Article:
Q. What are your favorite pieces that you’ve played? My favorite piece that I have played is “Gavotte” by Martini. “Gavotte” is my favorite song because it is one of those songs that communicates a very well-written story. Q. What are some other hobbies or activities you participate in? Some other hobbies that I like to participate in are skateboarding, playing video games, playing baseball, and hanging out with my friends. Q. Would you recommend United Conservatory to your friends? I would recommend my family and my friends to UCM so they are exposed to performing arts and maybe a new hobby. piano instructor since June 2019. I am currently a vocal performance major at Fresno City College and plan on transferring to Fresno State in fall 2020. I started singing and was introduced to piano at the age of 6 and carried on singing in choir ensembles and as a soloist ever since, singing in all kinds of different languages or styles of music. I started my journey as a music major in fall 2017 at Fresno City College and began taking lessons to be classically trained, and I still take lessons to continue to better myself. I currently sing repertoire in Italian, German, French, Spanish, and English as well as practice more modern genres of music and write my own. I have been working at United Conservatory of Music as a vocal and
Staff Spotlight: Pardees
Q. What are the things you like most about teaching? Mainly that I get to be a meaningful part of each and every one of my student’s lives. I’ve learned that the most valuable part of teaching is to be able to learn more alongside them every step of the way. Q. How do you inspire students to practice more? I always tell my students about my own struggles when I practice my own music. It’s not always easy, but it’s super rewarding once you see how far you’ve come! Q. What do you feel are the benefits of a child studying music? Not only does it implement a sense of discipline through practice and repetition, but it also expands the knowledge and general understanding of arts as a whole, and it can open a new perspective for the student, parent, and teacher.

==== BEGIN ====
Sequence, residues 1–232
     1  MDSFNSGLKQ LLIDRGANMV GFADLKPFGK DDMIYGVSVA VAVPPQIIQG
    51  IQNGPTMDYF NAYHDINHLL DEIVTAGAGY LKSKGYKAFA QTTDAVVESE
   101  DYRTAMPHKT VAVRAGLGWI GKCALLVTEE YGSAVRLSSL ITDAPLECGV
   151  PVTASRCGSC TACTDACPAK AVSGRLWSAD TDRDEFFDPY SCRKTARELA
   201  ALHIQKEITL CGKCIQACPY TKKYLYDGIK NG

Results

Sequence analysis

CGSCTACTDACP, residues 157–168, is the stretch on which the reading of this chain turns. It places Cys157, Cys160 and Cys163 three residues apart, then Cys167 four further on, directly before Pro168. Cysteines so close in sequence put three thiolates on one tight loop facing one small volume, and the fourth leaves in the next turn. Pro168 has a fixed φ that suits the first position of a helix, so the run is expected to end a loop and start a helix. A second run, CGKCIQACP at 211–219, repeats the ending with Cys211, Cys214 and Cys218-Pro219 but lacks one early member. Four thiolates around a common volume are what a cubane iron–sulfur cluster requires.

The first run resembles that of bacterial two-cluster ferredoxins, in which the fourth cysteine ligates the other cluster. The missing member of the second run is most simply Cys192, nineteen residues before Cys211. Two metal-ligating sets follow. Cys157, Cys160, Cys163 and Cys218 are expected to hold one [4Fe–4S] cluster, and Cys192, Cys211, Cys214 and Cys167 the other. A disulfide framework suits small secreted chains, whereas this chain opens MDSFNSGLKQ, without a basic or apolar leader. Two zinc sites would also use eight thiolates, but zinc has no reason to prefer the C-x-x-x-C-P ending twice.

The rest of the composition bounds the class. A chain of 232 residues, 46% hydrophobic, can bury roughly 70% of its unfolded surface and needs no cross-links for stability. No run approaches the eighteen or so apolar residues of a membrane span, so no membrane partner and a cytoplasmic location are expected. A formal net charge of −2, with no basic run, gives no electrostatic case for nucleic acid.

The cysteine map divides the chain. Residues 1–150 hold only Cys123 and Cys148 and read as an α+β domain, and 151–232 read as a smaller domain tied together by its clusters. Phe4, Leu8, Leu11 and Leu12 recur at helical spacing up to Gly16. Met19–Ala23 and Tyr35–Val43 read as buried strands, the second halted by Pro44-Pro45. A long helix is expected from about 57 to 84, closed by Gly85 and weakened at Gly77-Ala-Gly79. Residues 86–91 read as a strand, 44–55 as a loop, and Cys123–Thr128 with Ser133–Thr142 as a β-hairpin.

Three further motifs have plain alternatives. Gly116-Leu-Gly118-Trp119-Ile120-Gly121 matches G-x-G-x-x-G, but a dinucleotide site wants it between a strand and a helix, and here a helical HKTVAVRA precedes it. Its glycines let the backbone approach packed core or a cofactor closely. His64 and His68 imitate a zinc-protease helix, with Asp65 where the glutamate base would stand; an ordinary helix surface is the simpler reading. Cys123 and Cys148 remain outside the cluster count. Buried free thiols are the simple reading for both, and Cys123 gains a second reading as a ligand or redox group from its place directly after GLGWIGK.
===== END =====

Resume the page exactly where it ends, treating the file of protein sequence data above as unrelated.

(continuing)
Q. What is your favorite type of music?
Although I appreciate and frequently listen to all kinds of music, generally, I listen to hard rock and metal. Q. What do you like most about teaching at United Conservatory of Music? My colleagues — the office staff, teachers, and directors — are incredibly supportive. The environment at UCM is consistently positive and supportive of not only my success at the school but also my musicianship. Q. What are some things most people don’t know about you? I am part of the City Singers ensemble at Fresno City College and perform frequently. I also have written and currently write my own music and was a vocalist in a hard rock/metal band named Faerdos for 1 1/2 years.
Musical Ladder Achievements Congratulations to some our most recent Musical Ladder Testers. We are so proud of your progress!
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If you ever feel like your child is losing interest in music, instead of dropping out, try another instrument or teacher! Sometimes all that’s needed is a bit of a change! We also have our Shakers classes for kids ages 2–4 and 4–6. If your child is between those ages, try those classes and see their love of music flourish!
We love your referrals! Refer a friend and we will give you and your friend a $50 gift card as a THANK YOU!
PLEASE WELCOME THE NEW STUDENTS WHO ENROLLED IN JANUARY! Laila B., Emily F., Madison F., Chloe B., Abby B., Jovannie J., Niahlee L., Cruzann S., Isabella V., Sophia O., Alexi R., Zachary T., Miequeen P., Alex O., Avery O., Wesley O., Kaydin W., Patrick D., Kaydin W., Abigail D., Ena K., Rayva J., Omar M., Savannah O., Alex O., Leila B., Brandon W., Anastasia B., Zoha K., Jonathan W., Damien F., Delilah F., Dominic F., Natalie H., Camila S., Demetrio L., Lillian H., Ivy Z., Juliet L., Katelyn D., Angelina O., Sadie B., Ruby M., Grace M., Spencer B., Ariella B., Madelein B., Auria G., Paris H., Ronin D., Braxton A., Natalia M., Jacob M., Trevor M., Elias M., Gaolia X., Addison, Haily J., Makyla J., Kainth Z., Emily C., Zaina A., Philip G., and Alicia B.Page 1 Page 2 Page 3 Page 4 Page 5 Page 6